Television's paranormal programming crosses a variety of genres, encompassing documentary, reality, talk-shows, travel and crime formats as well as the more immediately receptive generic sites of mystery and science-fiction. That Most Haunted has played on the Travel Channel in the US indicates how effectively it employs its historic and atmospheric locations, for instance. Other paranormal shows link the sort of ghoulish fascination with crime evident in Most Haunted (murder is a particular focus, unsurprisingly) with procedural variants
of crime TV. Hence the New Zealand production Sensing Murder (2006) in which psychics and private investigators work on unsolved crimes.
We can note a further generic connection between the paranormal and crime in highly produced US dramas such as Tru Calling (Fox, 2003-4), Medium (NBC, 2005–) and Ghost Whisperer (CBS, 2005–). These last all centre on strong female leads who speak to the dead (the CBS series Joan of Arcadia [2003-5] has its youthful protagonist speak to God). Indeed I'm tempted to speculate that paranormal programming is founded on the female audience (scheduling, sponsorship and casting underline the centrality of the female demographic), but this seems
altogether too reductive. Gender is certainly an issue however, with a number of paranormal shows both targeting women and exploiting longstanding associations between femininity and spirituality (a series like Charmed [WB, 1998-2006] does this in a very different way, as several feminist critics have noted4).
The young women of Medium or Ghost Whisperer define themselves in traditionally feminine terms of their relationship to others (mother, wife) and as participants within a male-oriented setting or genre (crime TV). Such strategies are reminiscent of many other female-oriented crime/investigative fictions such as Close to Home, discussed recently in Flow5. In contrast to the male celebrity mediums of reality TV (Edward, Acorah), these dramas emphasise the connected ordinariness of women as mediums or as acutely (uncannily) intuitive figures. The “tabloid knowledge”6 which suggests a particular connection between women and the paranormal is comically explicit in the shortlived Canadian show The Girly Ghosthunters (2004) in which the team's spiritualist/program making “skills” (“spirit summoner Nicole, photographer Corrie, spirit communicator Dana and history aficionado Jen”) and teenage laughter compete for dominance. The show's website invokes Buffy and Scooby Doo (a show which still manages to scare my kids senseless), describing the series as “a campy, entertaining romp on a genre that often portrays girls as weak and scared.”7 In this context, Yvette Fielding's contradictory command (as executive producer and confrontational presenter of Most Haunted) and hysteria (perpetually and comically terrified at the slightest sound on location) seems as telling as the shows (highly lucrative) unexplained phenomena.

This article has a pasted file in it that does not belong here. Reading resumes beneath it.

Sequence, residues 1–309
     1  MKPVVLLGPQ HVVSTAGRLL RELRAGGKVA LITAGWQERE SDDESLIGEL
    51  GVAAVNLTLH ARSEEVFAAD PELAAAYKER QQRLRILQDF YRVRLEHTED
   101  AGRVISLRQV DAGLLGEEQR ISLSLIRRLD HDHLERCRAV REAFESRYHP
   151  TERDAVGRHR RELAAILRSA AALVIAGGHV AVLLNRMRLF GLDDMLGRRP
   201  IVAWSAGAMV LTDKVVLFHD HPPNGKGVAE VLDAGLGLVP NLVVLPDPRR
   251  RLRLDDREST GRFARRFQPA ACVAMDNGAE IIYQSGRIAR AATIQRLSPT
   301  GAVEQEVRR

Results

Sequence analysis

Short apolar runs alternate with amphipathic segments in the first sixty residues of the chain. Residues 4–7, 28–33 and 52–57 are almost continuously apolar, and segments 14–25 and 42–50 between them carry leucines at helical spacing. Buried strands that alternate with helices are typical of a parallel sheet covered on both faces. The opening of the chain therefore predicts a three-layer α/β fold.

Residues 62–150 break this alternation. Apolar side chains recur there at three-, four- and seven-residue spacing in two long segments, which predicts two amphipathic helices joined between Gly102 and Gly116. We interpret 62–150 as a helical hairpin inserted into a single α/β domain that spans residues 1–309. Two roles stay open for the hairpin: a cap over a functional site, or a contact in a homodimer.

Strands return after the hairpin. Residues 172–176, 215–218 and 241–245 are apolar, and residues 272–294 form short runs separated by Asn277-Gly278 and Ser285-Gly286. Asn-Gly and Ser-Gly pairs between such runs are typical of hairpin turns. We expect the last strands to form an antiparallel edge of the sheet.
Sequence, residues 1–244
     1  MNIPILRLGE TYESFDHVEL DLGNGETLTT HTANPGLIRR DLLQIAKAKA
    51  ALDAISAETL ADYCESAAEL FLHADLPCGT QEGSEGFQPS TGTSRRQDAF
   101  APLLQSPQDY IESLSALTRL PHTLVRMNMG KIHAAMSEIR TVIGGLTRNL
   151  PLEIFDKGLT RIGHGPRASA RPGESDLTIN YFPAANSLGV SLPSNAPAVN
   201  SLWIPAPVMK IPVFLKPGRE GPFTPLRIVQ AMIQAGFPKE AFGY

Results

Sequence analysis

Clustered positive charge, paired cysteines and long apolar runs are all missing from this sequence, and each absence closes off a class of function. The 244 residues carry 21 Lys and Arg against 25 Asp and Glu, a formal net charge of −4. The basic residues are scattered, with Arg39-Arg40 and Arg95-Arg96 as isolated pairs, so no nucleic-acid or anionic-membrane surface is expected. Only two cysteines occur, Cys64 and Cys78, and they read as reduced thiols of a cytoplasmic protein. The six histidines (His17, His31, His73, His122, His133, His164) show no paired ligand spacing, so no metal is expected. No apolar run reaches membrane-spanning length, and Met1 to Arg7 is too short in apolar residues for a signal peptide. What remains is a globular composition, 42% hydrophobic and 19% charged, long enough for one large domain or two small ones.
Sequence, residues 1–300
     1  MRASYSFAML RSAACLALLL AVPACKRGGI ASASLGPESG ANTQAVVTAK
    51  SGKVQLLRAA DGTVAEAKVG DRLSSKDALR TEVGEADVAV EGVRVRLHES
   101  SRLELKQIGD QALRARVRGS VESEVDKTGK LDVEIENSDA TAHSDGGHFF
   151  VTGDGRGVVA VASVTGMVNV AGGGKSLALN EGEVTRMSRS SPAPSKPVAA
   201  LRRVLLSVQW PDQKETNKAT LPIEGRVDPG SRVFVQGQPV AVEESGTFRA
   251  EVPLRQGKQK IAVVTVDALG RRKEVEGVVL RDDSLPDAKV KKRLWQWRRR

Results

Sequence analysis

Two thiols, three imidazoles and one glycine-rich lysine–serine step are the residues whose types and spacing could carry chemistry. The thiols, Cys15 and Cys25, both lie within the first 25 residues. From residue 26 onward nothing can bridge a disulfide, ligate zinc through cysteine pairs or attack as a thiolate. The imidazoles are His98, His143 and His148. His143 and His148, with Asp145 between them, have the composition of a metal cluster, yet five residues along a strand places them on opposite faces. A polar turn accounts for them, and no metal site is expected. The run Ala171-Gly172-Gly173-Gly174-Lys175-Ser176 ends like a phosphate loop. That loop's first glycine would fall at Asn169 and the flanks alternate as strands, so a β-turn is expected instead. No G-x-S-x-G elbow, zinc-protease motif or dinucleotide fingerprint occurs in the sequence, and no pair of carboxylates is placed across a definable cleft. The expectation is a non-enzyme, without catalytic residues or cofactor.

1 For a discussion of strategies used on Edward's show see Leon Jaroff, “Talking to the Dead” Time 157:9, 3/5/01
2“Spooky Truth: TV's Most Haunted Con Exposed” 10.28.05.
3Edward reportedly taped segments he which he contacted victims of the 9/11 attacks, although these were not aired. Lisa de Moraes, “Medium Crosses The Line: WTC Segment Canned” Washington Post 10.26.01 C01.
4On girls and magic in general see Rachel Moseley, “Glamorous witchcraft: gender and magic in teen film and television.” Screen 43 (4) 2002, 403-422; on Charmed see Hannah Sanders “Living a Charmed Life: The Magic of Postfeminist Sisterhood” in Yvonne Tasker and Diane Negra (eds) Interrogating Postfeminism: Gender and the Politics of Popular Culture, forthcoming 2007, Duke University Press.
5Diane Negra, “Trauma Time: Family, Community and Criminality in Close to Home” Flow Vol 3, Issue 9
6I'm thinking here of what Kevin Glynn terms “tabloid incredulity toward official knowledges,” Tabloid Culture: Trash Taste, Popular Power and the Transformation of American Television, Durham, Duke University Press, 2000 (69).
1. Most Haunted